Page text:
3. Confidence in the future has supported everything else ­­ public institutions and private enterprise, our own families, and the very Constitution of the United States. 
     
  4. Confidence has defined our course and has served as a link between generations. 
     
  5. We’ve always believed in something called progress. We’ve always had a faith that the days of our children would be better than our own.
     
  6. Our people are losing that faith, not only in government itself but in the ability as citizens to serve as the ultimate rulers and shapers of our democracy. As a people we know our past and we are proud of it. Our progress has been part of the living history of America, even the world. 
     
  7. We always believed that we were part of a great movement of humanity itself called democracy, involved in the search for freedom; and that belief has always strengthened us in our purpose. But just as we are losing our confidence in the future, we are also beginning to close the door on our past.
     
  8. In a nation that was proud of hard work, strong families, close­knit communities, and our faith in God, too many of us now tend to worship self­indulgence and consumption. 
     
  9. Human identity is no longer defined by what one does, but by what one owns. But we’ve discovered that owning things and consuming things does not satisfy our longing for meaning. We’ve learned that piling up material goods cannot fill the emptiness of lives which have no confidence or purpose.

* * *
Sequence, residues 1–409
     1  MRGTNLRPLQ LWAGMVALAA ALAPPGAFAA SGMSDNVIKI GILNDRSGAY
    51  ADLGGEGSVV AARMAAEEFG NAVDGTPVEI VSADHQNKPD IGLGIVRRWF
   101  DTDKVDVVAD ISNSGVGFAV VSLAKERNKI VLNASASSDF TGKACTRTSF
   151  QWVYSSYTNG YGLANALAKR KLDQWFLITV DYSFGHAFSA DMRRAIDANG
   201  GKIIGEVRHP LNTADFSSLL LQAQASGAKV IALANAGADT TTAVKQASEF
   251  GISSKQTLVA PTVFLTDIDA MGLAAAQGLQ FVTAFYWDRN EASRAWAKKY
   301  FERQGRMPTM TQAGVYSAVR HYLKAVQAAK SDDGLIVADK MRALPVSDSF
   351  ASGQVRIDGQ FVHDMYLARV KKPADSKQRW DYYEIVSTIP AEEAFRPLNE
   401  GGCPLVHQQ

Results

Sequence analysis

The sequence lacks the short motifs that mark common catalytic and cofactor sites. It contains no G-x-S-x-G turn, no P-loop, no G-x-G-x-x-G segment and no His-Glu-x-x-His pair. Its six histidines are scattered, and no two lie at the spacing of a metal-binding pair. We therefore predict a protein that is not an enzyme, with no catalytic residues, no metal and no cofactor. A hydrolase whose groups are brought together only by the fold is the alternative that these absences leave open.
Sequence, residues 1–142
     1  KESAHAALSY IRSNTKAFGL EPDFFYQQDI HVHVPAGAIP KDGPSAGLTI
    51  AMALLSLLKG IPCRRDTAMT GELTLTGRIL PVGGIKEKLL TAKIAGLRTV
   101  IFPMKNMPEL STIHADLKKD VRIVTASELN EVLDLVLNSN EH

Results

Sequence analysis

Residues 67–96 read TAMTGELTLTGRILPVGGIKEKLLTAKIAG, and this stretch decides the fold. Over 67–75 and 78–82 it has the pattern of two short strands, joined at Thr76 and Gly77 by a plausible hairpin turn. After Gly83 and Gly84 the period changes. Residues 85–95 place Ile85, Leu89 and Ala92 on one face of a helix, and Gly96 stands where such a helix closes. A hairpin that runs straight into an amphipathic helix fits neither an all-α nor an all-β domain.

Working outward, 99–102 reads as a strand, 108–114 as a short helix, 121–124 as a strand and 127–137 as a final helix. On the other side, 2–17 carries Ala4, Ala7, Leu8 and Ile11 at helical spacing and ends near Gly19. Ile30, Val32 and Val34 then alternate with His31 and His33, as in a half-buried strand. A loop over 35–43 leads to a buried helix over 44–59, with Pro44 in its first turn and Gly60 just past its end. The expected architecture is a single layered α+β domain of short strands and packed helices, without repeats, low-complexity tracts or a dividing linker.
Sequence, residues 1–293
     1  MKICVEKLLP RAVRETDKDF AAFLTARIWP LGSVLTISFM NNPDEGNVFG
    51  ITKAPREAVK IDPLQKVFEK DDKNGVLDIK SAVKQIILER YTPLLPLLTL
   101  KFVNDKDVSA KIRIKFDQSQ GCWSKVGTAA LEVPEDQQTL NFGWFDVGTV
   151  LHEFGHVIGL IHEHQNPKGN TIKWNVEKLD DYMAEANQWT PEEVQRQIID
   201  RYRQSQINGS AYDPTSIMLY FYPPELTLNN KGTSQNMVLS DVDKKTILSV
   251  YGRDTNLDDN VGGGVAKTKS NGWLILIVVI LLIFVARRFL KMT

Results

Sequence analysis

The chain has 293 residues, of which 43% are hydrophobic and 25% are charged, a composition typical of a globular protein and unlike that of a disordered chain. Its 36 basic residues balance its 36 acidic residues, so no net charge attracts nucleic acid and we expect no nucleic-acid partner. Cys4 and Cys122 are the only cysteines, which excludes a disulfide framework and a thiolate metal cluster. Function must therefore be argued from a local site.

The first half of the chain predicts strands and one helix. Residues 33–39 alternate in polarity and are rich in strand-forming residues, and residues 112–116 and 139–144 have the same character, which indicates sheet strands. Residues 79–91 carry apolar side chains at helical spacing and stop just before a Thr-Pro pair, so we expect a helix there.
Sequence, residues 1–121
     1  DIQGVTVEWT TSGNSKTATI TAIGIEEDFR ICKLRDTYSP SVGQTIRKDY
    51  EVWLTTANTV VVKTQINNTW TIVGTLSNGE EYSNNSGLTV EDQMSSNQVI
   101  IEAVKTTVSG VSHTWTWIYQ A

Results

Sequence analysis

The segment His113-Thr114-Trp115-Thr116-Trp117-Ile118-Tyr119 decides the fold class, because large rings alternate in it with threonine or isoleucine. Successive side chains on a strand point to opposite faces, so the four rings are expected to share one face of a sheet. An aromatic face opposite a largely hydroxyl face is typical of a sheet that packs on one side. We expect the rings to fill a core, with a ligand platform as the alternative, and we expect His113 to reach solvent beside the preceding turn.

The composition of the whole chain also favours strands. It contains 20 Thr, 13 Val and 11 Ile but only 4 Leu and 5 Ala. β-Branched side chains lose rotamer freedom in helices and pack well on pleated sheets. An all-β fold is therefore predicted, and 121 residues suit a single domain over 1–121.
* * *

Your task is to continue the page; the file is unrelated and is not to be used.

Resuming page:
10. The symptoms of this crisis of the American spirit are all around us. For the first time in the history of our country a majority of our people believe that the next five years will be worse than the past five years. Two­thirds of our people do not even vote. The productivity of American workers is actually dropping, and the willingness of Americans to save for the future has fallen below that of all other people in the Western world.
     
  11. As you know, there is a growing disrespect for government and for churches and for schools, the news media, and other institutions. 
     
  12. This is not a message of happiness or reassurance, but it is the truth and it is a warning.
     
  13. These changes did not happen overnight. They’ve come upon us gradually over the last generation, years that were filled with shocks and tragedy.
     
  14. We were sure that ours was a nation of the ballot, not the bullet, until the murders of John Kennedy and Robert Kennedy and Martin Luther King, Jr. We were taught that our armies were always invincible and our causes were always just, only to suffer the agony of Vietnam.